...establishes what Bhaskar has called 'the possibility of naturalism', that is, 'the thesis that there is (or can be) an essential unity of method between the natural and the social sciences' - however much these realms may differ. This is important because it leads away from the dualistic division of social science into a 'hyper-naturalistic positivism', on the one hand, and an 'anti-naturalistic hermeneutics', on the other. (ibid. 7)
This passage reveals the stakes in Foster's criticism of Western Marxism. It shows why the unity of method is so dearly important to him. If such a unity cannot be achieved, then his criticism of the Western Marxists would not only fall, but be turned back on himself. He too would be forced to "cede" the realm of nature to positivism and risk ending up in an "idealist" position. At the same time, the claim that such a unity is possible is very strong. Can it be redeemed? This hinges on Foster's ability to show that a Epicurean materialism can be given a dialectical form while at the same time avoiding the determinism and the reification attendant on Soviet-style "dialectical materialism".

Epicurean and Enlightenment materialism

Western Marxism rejected the idea of a dialectics of nature because of its determinism. But Foster stresses that materialism doesn’t “necessarily imply a rigid, mechanical determinism” (ibid. 2). This is shown by Epicurus, who was a materialist without being a determinist. Unlike Democritus and the later materialists of the Enlightenment period, he opposed all teleology and determinism in nature by allowing for the unpredictable “swerve” of atoms. Epicurean materialism, then, isn’t governed by “iron” laws, but is characterized by open-endedness, contingency and unpredictability.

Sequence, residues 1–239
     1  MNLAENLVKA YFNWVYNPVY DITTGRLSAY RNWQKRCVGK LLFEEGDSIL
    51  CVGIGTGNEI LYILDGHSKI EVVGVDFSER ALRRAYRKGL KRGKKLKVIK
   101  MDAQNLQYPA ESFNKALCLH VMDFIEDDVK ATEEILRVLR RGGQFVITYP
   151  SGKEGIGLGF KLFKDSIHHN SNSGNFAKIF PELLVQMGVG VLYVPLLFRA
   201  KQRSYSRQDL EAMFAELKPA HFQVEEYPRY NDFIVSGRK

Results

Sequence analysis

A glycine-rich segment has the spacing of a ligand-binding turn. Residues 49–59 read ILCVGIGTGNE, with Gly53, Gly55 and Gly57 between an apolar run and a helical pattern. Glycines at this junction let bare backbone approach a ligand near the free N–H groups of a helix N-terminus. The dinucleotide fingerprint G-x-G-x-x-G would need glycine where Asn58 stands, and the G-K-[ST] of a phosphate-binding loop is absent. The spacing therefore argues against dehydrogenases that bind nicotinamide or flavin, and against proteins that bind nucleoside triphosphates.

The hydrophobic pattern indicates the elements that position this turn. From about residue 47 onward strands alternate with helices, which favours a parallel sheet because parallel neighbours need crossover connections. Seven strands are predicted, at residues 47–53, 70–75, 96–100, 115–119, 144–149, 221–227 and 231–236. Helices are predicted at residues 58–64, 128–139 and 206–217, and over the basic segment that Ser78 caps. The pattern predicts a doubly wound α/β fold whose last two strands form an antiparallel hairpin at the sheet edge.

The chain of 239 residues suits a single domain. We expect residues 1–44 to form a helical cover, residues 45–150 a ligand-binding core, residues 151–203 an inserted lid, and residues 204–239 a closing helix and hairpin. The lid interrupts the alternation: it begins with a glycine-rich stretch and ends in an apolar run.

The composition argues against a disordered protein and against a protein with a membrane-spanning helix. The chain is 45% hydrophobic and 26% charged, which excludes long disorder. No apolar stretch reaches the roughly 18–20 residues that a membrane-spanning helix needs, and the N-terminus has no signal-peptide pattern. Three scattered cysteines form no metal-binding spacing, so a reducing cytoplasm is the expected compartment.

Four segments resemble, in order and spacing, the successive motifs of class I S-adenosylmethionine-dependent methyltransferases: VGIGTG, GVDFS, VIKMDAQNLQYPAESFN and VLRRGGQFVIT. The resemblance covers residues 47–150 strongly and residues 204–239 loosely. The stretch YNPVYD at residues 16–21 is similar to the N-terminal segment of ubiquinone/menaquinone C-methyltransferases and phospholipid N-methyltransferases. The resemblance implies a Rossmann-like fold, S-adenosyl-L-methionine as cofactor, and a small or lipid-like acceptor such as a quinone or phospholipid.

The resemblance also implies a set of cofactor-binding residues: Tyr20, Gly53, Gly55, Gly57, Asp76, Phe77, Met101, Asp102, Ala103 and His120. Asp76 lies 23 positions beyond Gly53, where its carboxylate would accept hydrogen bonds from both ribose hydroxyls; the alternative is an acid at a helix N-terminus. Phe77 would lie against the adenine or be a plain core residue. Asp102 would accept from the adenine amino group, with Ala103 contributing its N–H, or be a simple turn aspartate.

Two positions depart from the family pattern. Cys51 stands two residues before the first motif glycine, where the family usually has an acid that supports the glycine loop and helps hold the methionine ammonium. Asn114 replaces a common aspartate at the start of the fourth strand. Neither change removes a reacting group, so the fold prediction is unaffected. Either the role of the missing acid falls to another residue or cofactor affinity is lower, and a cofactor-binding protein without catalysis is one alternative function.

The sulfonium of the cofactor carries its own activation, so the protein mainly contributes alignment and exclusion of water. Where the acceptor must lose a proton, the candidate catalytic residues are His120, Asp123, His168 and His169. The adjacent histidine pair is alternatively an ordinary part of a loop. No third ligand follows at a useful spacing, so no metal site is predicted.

Bildresultat för de rerum natura
Lucretius' De rerum natura - probably the most influential tract explaining Epicurean philosophy.
An important part of Foster's argument is that he sets up the Epicurean legacy as a basis for a dialectical approach to materialism. It was Epicurus, not the “mechanistic French materialists” of the Enlightenment that were the decisive influence on Marx. This, however, was overlooked by later Marxists. It was Enlightenment materialism that inspired Plekhanov and led to the positivistic, mechanistic character of Soviet-style Marxism. It was in reaction to this that Western Marxism veered in idealist direction by rejecting the idea of a dialectics of nature.
In the 1920s the positivistic influence within Marxism became more and more apparent, prompting the revolt of such Western Marxists as Lukács, Korsch, and Gramsci. But if these thinkers, and the subsequent Frankfurt School, resisted the invasion of positivism into Marxism, they did so, as E.P. Thompson emphasized, "at a very heavy cost," opening the way to [...] an idealist theoretical practice" (ibid. 231)